Researchers decoded brain signals recorded from non-invasive sensors around the scalps of ...

A study at the University of Maryland has the potential to help movement-impaired people to control the operation of artificial limbs or computer systems without having to undergo extensive training or invasive surgery. The researchers have successfully reconstructed 3D hand movements by decoding electrical brain signals picked up from sensors placed on the scalps of volunteers.  Read More

The smallest monocopter built by Ulrich to-date, with a maximum dimension of 95mm and a wi...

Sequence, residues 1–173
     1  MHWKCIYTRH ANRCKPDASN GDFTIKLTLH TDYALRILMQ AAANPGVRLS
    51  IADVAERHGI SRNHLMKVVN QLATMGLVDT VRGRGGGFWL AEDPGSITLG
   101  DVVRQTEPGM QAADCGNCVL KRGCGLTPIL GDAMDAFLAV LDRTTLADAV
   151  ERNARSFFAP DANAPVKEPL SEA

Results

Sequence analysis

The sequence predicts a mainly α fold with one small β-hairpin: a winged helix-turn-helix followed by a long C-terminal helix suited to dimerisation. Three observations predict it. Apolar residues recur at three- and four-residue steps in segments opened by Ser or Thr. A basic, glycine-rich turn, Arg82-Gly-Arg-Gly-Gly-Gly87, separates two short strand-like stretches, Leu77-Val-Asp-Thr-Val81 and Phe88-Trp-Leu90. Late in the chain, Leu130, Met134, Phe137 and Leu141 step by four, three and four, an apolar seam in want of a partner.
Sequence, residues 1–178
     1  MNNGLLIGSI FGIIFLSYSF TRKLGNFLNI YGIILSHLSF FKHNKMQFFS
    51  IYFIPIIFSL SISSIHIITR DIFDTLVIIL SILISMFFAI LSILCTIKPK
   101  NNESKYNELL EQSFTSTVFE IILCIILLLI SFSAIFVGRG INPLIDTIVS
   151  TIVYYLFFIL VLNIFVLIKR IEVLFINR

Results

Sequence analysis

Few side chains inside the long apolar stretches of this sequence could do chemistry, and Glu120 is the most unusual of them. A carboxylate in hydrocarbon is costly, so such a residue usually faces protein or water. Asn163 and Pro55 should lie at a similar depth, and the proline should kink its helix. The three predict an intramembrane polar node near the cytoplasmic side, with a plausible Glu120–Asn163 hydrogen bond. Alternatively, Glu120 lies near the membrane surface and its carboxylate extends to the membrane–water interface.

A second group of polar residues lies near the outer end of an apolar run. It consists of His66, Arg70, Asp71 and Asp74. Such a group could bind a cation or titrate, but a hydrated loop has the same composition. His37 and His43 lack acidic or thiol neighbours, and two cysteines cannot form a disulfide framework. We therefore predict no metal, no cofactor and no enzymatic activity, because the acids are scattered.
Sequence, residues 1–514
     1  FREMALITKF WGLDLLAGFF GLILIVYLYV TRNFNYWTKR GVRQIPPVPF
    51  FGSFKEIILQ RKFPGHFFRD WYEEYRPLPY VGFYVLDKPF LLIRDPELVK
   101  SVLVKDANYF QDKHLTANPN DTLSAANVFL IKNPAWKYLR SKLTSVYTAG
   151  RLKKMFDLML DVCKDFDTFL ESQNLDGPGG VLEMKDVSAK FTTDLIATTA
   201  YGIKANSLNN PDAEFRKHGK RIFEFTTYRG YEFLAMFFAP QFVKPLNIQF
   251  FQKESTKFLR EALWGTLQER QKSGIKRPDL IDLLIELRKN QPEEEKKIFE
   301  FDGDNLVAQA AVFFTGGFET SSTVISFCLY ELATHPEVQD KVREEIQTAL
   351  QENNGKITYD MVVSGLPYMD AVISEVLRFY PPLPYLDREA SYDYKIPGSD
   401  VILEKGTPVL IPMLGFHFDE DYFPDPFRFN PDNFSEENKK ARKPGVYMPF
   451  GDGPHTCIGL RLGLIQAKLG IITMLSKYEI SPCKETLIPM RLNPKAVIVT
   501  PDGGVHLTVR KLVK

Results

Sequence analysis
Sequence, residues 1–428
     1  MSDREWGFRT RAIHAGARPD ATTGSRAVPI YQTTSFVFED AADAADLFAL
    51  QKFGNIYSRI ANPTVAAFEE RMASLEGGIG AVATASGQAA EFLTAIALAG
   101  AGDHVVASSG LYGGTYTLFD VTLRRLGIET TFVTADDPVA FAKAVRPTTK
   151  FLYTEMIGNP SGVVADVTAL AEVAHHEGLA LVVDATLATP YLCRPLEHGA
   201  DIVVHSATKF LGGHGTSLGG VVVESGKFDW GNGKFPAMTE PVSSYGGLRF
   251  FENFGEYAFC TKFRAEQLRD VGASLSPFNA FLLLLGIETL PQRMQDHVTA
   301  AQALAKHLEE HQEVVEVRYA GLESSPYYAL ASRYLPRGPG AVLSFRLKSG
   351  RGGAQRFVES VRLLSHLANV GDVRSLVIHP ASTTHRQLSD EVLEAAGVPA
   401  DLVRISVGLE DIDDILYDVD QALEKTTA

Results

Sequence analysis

Students at the University of Maryland’s Clark School of Engineering have turned to nature to create a flying device that can hover and perform surveillance duties, and that could lead to applications for military and emergency services. The enigmatic maple tree seeds (or samara fruit) - and the unique spiraling pattern with which they glide to the ground - have intrigued children and engineers for decades. Now aerospace engineering graduate students have applied the seeds’ design to airborne devices and created what they believe to be the world's smallest controllable single-winged rotocraft.  Read More